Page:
How many salespeople in your company will fail to make quota in 2011?

One of the most common reasons salespeople fall short of their goals has little to do with a lack of qualified leads, or a poor economy.

It’s often a lot simpler than that. Too many salespeople fail to follow up effectively with their prospects.

I recently received an email from the Web store manager at Day-Timer — the company that sells personal planners and calendars.

Earlier that week, I was on the Day-Timer website, shopping for a planner for 2012. I found the items I wanted, added them to my shopping cart and wrote down the prices. Then I did what a lot of shoppers do — I abandoned the shopping cart and “left the store.”

Truth be told, my plan was to spend a few minutes shopping around on the Web, to see if I could find those same items for a lower price elsewhere.

Two days after “leaving the store,” I received that personalized email from the Web store manager, thanking me for visiting the site. The email also contained a 15 percent promotion off the items in my shopping cart.

So what do you think I did? That’s right, I opened that email, clicked on the 15 percent-off link, and it brought me right back to my shopping cart, with those same items sitting right where I left them. And since I was getting 15 percent off, I felt it was no longer worth the time to shop around for a better price. I ordered the items.

Day-Timer made the sale because it took the initiative to follow up with me in a timely way. My experience was on the Web, but the same dynamics apply to brick-and-mortar and business-to-business selling.

But why is it that so many salespeople don’t follow up? And why don’t they? And more importantly, what can you do about it?

Let’s consider three of the more prevalent reasons salespeople don’t follow up:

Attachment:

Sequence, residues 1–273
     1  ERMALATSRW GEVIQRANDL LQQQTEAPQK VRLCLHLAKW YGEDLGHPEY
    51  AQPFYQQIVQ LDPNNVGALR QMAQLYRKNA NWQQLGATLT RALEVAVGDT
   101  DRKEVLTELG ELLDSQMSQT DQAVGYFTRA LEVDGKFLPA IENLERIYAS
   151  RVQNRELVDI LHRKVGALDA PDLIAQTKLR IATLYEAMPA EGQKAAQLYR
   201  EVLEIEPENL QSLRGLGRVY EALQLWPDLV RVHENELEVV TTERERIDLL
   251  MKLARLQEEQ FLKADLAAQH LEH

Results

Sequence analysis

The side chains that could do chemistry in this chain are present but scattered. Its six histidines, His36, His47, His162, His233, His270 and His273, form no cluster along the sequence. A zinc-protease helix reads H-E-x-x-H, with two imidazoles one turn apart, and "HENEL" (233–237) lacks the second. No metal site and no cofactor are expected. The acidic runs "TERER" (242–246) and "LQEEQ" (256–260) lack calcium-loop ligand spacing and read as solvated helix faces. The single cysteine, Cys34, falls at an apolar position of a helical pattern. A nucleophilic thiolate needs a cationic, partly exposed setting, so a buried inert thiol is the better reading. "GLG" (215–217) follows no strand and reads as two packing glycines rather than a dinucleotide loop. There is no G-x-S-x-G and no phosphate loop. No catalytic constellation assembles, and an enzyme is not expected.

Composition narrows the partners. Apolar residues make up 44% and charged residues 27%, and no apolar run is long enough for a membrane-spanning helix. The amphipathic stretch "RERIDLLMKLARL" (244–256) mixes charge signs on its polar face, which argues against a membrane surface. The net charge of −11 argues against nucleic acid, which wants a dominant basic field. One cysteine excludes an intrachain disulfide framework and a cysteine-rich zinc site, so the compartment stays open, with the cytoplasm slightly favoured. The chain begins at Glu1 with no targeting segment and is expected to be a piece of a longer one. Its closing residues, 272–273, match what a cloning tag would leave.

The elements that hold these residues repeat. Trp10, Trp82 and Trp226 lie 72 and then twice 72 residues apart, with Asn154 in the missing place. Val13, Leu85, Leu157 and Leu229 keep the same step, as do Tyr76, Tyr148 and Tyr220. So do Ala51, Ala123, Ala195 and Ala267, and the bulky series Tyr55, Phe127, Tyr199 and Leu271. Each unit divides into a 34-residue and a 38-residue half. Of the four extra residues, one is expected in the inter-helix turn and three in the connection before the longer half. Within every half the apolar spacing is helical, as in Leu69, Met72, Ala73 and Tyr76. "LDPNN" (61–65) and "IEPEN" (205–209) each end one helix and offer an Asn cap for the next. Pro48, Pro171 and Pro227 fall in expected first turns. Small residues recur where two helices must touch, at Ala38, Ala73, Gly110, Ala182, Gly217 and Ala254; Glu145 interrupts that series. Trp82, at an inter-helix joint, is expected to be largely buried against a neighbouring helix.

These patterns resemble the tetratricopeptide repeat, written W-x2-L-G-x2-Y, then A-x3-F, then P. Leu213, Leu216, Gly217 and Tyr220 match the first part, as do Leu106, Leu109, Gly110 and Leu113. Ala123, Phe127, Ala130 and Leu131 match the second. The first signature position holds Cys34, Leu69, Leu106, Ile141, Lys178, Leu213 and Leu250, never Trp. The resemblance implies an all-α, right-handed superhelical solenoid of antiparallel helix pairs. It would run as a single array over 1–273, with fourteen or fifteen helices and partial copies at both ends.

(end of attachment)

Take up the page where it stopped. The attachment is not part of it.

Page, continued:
• Reason No. 1: Salespeople don’t want to appear pushy.

Nobody likes a pushy salesperson. So the key is to follow up in a way that’s not pushy. The best way to do that is by wrapping your follow-up message in value. Here’s an example:

Let’s say you’re trying to sell inventory control software to your prospect. She’s told you about a particular problem she’s having managing her inventory.

Before you write that follow-up email, or make that phone call, go out and find a good article or white paper on inventory management best practices.

Then email that article to your prospect with a note about how the third paragraph on Page 2 presents some ideas that might help what she described as her top challenge.

Prospects are usually willing to engage with you if they think that there’s something of value in it for them.

• Reason No. 2: Salespeople forget.

That’s right — people forget stuff. It may be OK to forget what you had for breakfast yesterday, or even forget to put a belt on when getting dressed for a big meeting with a prospect (yeah, I’ve done that).

But it’s never OK to forget your customers and prospects. Don’t trust your memory — write it down.

A Chinese proverb said, “The palest ink is better than the sharpest memory.”

If you take your business seriously, and want your prospects to take you seriously, develop the simple habits that will assure you remember everything that’s worth remembering.

• Reason No. 3: Salespeople make false assumptions.

But what if you do follow up, and your prospect doesn’t respond? Do you get paranoid, and assume the prospect has decided not to buy from you?

Well, that’s usually not true. Prospects are busy, and believe it or not, you’re usually not their first priority.

So take the initiative to get back to your prospect until you connect.

And when you do, remember the first point — always provide value in your follow-up call.

Don’t make it about the sale. Make it about delivering value to the prospect.

If all your follow-up calls contain something of value, the follow-up gets easier, becomes more natural and will naturally lead to more sales.

Timely, consistent follow-up is one of the easiest selling skills to master.

What follow-up calls should you make this week?